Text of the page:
When Georges gets settled into his room, he admires himself in his recently purchased deerskin jacket and remarks to himself that the deerskin jacket gives him “killer style,” which is a phrase that’s mentioned repeatedly throughout the movie. There’s a double meaning for this phrase as the story gets darker and weirder. Georges is so enamored with himself in this jacket that he wears it whenever when he’s out in public.

The jacket seems to have given Georges some newfound confidence. When he walks into the a nearly deserted bar that’s within walking distance of the inn, he sits by himself, but it doesn’t take long for him to strike up a conversation with the only other people in the bar: a bartender in her 20s named Denise (played by Adèle Haenel) and an unnamed middle-aged female customer (played by Marie Bunel), who is sitting near Denise at the counter.

Georges, who is several feet away at the same counter, asks the women if they’ve been admiring his jacket. They give him a puzzled look and say no. The female customer remarks to Georges that he’s obviously not a local. Georges admits he’s not from the area, but then lies and says that he’s a filmmaker and he’s in town because he’s directing a movie.

After Georges leaves the bar and is walking back to the inn, the female customer drives near him and asks him if he wants a ride. Georges politely declines and says that he’d rather walk. The woman then says that if he needs any “bitches for his porn movie,” she’d be willing to offer her services because she said she did some porn about 20 years ago. “I’m still hot, right?” she asks Georges.

Georges is slightly offended and asks her why she thinks that he’s a porn filmmaker. She replies that it’s because he doesn’t look like someone who directs “real movies.” The conversation gets a little heated, she calls him a “loser,” and then she drives off in a huff.

This encounter seems to have triggered something in Georges, because when he goes back to his room at the inn, he starts having an imaginary conversation with his deerskin jacket while it’s hanging in the room. Georges provides the voice of the jacket while he speaks out loud to it. He makes small talk with the jacket, such asking where the jacket is from, and the jacket “replies” that it’s from Italy. And Georges films this conversation.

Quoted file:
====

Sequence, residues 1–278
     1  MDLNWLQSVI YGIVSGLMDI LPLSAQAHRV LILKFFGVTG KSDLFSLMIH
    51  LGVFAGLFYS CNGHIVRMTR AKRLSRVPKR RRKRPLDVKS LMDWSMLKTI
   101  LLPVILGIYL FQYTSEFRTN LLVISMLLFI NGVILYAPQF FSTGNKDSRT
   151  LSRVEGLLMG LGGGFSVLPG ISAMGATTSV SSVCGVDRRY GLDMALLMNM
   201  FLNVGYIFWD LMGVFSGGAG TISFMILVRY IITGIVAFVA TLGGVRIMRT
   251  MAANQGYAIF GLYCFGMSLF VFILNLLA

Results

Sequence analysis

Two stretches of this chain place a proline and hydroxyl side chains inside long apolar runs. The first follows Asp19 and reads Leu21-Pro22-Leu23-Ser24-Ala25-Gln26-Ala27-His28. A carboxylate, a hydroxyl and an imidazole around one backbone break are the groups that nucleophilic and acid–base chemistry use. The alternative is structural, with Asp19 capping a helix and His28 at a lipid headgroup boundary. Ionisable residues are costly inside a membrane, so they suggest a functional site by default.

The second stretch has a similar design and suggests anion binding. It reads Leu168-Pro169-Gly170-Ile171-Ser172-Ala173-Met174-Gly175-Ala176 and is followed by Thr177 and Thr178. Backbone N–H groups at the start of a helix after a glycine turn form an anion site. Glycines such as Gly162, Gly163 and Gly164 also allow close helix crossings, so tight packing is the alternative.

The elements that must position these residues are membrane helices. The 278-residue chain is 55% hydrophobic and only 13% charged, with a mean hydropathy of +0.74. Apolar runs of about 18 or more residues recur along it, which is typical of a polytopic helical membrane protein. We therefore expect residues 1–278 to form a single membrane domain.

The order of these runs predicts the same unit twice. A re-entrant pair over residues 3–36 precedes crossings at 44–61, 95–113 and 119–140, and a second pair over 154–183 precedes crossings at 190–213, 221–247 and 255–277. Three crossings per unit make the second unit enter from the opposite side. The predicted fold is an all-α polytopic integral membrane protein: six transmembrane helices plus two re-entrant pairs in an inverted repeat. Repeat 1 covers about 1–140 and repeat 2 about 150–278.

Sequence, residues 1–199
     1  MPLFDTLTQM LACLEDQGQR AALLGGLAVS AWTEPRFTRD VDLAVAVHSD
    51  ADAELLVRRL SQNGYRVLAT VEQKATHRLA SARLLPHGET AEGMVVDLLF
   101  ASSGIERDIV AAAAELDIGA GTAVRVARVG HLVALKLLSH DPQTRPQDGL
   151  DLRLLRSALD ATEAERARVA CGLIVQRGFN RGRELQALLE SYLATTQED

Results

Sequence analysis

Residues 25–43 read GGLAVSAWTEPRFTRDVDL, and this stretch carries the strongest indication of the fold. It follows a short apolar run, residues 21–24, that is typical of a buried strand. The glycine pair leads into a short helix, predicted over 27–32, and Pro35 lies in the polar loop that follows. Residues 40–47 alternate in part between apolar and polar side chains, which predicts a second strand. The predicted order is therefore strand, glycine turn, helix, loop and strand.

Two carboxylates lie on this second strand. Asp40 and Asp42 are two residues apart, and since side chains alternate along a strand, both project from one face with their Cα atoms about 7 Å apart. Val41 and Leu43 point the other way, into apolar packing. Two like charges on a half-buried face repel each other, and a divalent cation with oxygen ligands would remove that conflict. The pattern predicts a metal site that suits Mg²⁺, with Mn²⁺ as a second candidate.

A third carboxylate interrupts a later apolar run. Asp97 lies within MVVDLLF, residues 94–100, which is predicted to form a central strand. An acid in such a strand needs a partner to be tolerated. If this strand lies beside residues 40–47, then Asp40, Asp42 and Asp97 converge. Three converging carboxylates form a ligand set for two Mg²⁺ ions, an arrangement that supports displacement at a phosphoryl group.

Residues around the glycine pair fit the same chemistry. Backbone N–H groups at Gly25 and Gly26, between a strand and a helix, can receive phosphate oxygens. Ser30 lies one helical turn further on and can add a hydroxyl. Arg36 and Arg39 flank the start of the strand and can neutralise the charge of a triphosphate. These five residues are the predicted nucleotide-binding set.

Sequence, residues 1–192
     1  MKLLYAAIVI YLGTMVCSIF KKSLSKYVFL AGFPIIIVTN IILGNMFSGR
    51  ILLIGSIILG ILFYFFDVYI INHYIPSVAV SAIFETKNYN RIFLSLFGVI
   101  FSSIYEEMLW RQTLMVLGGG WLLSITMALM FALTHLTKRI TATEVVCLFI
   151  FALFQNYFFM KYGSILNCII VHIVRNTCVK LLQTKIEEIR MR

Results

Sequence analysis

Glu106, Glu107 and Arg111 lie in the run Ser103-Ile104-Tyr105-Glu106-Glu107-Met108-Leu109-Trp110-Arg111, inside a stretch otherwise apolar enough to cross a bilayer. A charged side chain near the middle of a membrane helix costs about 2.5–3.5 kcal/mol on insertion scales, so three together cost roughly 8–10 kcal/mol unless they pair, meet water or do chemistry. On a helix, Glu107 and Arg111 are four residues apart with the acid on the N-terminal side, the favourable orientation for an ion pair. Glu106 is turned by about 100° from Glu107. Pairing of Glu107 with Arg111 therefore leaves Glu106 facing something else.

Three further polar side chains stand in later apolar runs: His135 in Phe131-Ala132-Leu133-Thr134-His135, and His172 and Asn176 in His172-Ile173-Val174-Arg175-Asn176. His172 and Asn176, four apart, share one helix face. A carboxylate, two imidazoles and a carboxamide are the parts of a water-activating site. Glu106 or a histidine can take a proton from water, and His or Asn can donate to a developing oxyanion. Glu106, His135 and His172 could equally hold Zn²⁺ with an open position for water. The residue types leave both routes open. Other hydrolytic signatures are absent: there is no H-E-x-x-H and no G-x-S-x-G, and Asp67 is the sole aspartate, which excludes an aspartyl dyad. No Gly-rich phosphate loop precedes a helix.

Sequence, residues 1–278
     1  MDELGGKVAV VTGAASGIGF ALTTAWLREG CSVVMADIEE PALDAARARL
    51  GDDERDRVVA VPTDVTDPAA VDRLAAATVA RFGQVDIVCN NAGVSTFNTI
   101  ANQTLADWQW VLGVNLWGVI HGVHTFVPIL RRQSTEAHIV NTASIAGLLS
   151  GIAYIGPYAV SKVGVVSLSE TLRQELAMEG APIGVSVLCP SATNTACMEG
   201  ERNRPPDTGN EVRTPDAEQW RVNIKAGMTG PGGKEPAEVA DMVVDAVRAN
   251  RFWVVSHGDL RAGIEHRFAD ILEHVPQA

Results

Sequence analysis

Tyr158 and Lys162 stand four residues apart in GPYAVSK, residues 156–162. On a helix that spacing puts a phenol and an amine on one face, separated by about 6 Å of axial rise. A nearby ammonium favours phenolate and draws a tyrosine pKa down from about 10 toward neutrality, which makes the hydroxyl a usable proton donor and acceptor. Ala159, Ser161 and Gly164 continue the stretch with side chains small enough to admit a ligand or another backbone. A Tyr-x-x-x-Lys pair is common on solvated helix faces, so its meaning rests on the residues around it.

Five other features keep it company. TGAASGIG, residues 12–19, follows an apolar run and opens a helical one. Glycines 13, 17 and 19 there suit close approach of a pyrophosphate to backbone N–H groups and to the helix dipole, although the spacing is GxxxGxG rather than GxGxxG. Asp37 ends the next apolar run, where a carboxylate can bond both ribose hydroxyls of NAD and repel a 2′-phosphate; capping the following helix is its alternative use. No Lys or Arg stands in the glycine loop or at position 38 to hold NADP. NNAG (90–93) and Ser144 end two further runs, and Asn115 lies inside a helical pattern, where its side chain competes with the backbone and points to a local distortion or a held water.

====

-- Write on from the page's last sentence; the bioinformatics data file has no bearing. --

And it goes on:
Georges is about to fall on hard times. He finds out from his bank that his wife has frozen all of their joint bank account, so he can’t get access to any of his money. He ends up scrounging for food in garbage cans because he spent all of his cash on the deerskin jacket. And he begins to talk out loud to the jacket as if it’s a real person. The jacket “talks back” to Georges and has a persona of being a confident motivator for Georges.

In desperation, Georges goes back to the bar to see if he can find a way to scrounge up some money. Denise the bartender is working, and Georges starts talking to her again. He tells her about the insulting porn proposition that the customer gave him the previous night. Denise says that she’s not surprised because the customer, who’s a regular patron of the bar, is a prostitute.

Georges continues to pretend that he’s a filmmaker, and he gives a fake sob story about how he’s been cut off from funds because the producers he’s working with are stuck in Siberia. Denise mentions that she’s an aspiring film editor. She tells Georges that for fun, she once edited “Pulp Fiction” to make all the scenes go in chronological order. Georges shows his ignorance in modern technology when he marvels at how Denise could do that kind of editing, and she asks him (with a skeptical look on her face) if he’s ever heard of digital editing.